• Application Whitelists or Blacklists. Mobile device management software can create lists of pre-approved apps and software (whitelists) that are allowed to run on the device, while blocking all other apps from running. Alternatively, a list of banned applications (blacklist) can be created to keep only those apps on the list from running.

Not all MDMs have the same features, so it’s important to check with the solution provider to learn more about their specific capabilities and how the solution is managed.

3) Enforce the Use of Virtual Private Networks

A virtual private network (VPN) is often used to anonymize and encrypt communications between remote workers and the business’ network assets. As noted by PCmag.com, “A VPN creates a virtual encrypted tunnel between you and a remote service operated by a VPN service. All your internet traffic is routed through this tunnel, so your data is secure from prying eyes.”

This can be invaluable for ensuring mobile security when employees are “out and about” and have to use public Wi-Fi networks to connect to the internet. In public spaces, there is an increased risk of malicious actors setting up fake Wi-Fi hotspots for employees to connect to and using that to hijack data. With a VPN, the data is encrypted, making it harder to use. Also, because the data is routed through the VPN, the destination IP address for communications is harder to track, which provides extra security for the business.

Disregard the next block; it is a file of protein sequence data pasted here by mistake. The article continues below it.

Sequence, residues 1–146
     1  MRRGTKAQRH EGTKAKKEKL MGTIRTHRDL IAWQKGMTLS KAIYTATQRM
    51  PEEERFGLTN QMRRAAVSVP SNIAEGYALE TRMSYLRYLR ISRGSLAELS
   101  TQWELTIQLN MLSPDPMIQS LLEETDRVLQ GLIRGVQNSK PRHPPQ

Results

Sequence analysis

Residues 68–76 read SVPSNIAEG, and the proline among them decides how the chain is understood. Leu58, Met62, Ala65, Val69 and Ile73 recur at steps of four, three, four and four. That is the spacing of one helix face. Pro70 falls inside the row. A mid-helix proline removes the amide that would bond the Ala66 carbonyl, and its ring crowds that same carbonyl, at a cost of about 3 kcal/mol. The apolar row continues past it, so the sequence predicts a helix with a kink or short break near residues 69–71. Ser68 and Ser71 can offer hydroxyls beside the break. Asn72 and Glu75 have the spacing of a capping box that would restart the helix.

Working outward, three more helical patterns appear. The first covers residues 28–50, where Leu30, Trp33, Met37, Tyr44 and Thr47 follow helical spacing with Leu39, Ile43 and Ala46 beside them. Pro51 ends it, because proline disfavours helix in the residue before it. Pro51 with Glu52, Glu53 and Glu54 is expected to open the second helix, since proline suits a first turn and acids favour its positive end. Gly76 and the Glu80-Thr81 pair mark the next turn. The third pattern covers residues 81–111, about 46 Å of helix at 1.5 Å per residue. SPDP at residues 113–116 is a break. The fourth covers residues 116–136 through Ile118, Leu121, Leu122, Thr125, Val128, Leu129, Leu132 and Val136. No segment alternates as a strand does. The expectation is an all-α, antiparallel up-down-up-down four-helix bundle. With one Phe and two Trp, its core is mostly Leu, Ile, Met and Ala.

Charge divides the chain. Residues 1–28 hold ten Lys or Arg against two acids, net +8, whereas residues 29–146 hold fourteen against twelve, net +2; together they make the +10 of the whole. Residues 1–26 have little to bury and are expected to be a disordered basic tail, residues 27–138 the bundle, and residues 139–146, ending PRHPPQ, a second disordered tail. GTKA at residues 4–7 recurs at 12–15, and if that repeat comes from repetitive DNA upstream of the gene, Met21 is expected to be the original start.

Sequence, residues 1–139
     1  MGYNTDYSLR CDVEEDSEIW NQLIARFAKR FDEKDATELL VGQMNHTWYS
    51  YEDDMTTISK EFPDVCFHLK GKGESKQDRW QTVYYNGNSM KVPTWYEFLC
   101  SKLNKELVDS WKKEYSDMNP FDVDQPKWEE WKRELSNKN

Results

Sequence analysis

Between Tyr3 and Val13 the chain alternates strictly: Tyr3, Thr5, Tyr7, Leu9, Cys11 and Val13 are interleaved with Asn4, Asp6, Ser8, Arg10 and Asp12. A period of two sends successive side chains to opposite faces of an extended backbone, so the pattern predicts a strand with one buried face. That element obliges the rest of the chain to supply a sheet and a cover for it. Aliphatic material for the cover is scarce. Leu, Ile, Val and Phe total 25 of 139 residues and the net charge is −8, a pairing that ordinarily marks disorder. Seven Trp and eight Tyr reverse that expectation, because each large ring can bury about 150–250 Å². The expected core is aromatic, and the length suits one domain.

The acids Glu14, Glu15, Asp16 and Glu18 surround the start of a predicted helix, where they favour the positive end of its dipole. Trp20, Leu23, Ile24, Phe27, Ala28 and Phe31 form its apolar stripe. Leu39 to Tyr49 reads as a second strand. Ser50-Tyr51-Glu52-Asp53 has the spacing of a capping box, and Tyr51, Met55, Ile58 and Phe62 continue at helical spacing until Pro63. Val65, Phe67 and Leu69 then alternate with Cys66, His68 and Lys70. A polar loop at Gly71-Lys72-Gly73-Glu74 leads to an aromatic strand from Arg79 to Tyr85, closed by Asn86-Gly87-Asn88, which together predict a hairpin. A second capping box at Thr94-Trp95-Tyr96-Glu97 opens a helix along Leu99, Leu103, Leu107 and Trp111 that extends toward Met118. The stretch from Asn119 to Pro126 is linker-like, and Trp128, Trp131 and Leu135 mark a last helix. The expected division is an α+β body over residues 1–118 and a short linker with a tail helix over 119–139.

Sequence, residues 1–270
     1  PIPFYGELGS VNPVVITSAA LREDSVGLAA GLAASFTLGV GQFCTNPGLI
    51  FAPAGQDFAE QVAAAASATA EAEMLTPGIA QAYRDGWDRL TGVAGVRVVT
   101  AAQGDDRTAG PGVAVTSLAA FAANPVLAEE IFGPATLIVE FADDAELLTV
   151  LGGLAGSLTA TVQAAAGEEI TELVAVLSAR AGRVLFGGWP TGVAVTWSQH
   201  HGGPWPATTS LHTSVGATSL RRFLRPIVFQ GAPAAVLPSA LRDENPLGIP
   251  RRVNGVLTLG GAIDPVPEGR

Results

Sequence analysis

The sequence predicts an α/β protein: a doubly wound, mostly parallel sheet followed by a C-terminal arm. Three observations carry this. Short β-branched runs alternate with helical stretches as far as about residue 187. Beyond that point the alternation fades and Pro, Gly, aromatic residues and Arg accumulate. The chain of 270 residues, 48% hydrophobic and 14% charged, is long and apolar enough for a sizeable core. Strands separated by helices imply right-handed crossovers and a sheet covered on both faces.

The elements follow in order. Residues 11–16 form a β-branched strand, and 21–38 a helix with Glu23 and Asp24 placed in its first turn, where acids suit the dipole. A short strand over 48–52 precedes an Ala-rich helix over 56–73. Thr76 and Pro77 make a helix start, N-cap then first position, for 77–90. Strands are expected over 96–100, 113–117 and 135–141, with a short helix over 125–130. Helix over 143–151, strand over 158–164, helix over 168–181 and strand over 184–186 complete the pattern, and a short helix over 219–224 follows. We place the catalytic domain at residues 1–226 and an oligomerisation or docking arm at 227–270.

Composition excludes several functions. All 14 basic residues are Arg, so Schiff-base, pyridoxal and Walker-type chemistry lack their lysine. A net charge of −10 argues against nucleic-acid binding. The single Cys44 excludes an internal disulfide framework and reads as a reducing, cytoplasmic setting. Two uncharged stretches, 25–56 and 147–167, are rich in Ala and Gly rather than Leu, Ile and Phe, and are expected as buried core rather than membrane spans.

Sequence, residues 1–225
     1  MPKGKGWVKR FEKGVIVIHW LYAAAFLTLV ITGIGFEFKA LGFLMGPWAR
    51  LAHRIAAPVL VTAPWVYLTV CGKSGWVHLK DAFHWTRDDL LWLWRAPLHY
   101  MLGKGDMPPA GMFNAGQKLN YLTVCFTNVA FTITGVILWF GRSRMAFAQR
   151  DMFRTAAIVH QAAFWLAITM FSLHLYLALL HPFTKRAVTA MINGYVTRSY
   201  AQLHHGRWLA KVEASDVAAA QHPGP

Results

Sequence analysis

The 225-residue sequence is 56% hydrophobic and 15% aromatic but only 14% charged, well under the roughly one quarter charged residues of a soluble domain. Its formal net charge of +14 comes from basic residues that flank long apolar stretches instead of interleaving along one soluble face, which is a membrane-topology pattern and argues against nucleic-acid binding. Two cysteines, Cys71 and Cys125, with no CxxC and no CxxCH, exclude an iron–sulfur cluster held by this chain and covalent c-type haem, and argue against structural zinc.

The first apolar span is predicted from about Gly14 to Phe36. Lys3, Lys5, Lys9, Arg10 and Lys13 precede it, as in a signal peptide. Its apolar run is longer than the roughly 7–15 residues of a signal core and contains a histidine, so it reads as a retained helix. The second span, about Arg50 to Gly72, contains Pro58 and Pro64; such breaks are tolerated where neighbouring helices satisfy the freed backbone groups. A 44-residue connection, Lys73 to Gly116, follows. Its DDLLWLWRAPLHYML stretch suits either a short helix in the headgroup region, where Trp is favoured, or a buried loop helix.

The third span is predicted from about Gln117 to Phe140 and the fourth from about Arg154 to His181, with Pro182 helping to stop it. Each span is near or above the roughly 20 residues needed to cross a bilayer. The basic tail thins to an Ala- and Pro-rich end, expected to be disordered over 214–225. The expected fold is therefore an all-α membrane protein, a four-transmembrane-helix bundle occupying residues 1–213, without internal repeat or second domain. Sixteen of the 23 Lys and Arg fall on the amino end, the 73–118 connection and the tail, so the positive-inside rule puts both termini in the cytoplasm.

While a VPN won’t stop every attack, it can make it significantly harder for hackers to target a specific business.

4) Train Employees in Safe Internet Use Habits

Not all employees (even those among the “Millennial” generation) are aware of the various cyber threats that they face online. Many people lack the basic cybersecurity awareness needed to avoid data breaches. This is where a security education, training, and awareness (SETA) program helps.

SETA programs can increase employee awareness of cybersecurity issues—especially with ongoing training that details some of the latest threats. Some basic steps for building a SETA program to enhance mobile security awareness include:

  1. Defining Your Security Education Goals. Create measurable goals for improving security awareness in the organization, such as “reducing use of unsecure Wi-Fi by 75%,” which can be used to benchmark progress.

  2. Assess Your Audience. Get a feel for the overall level of cybersecurity awareness in the organization by using surveys or tests. The results of such assessments can be used to identify specific issues that need addressing in the organization.

  3. Develop Program Topics Based on Assessment Results. Using the survey/test results, develop SETA program topics to address any major mobile security knowledge gaps that have been identified.

  4. Create a Plan for Distributing SETA Program Materials. Establish how the education resources will be delivered to employees. The choice of training method may differ based on the size of the organization and the complexity of the training. Some may opt for in-person staff meetings, while others may choose to use emailed documents.

These are just a few of the ways that organizations can reduce the security risks and impacts of using mobile devices.

Need help securing the mobile devices used on your business’ network? Reach out to the Compuquip team today to learn more about increasing network security and securing mobile devices.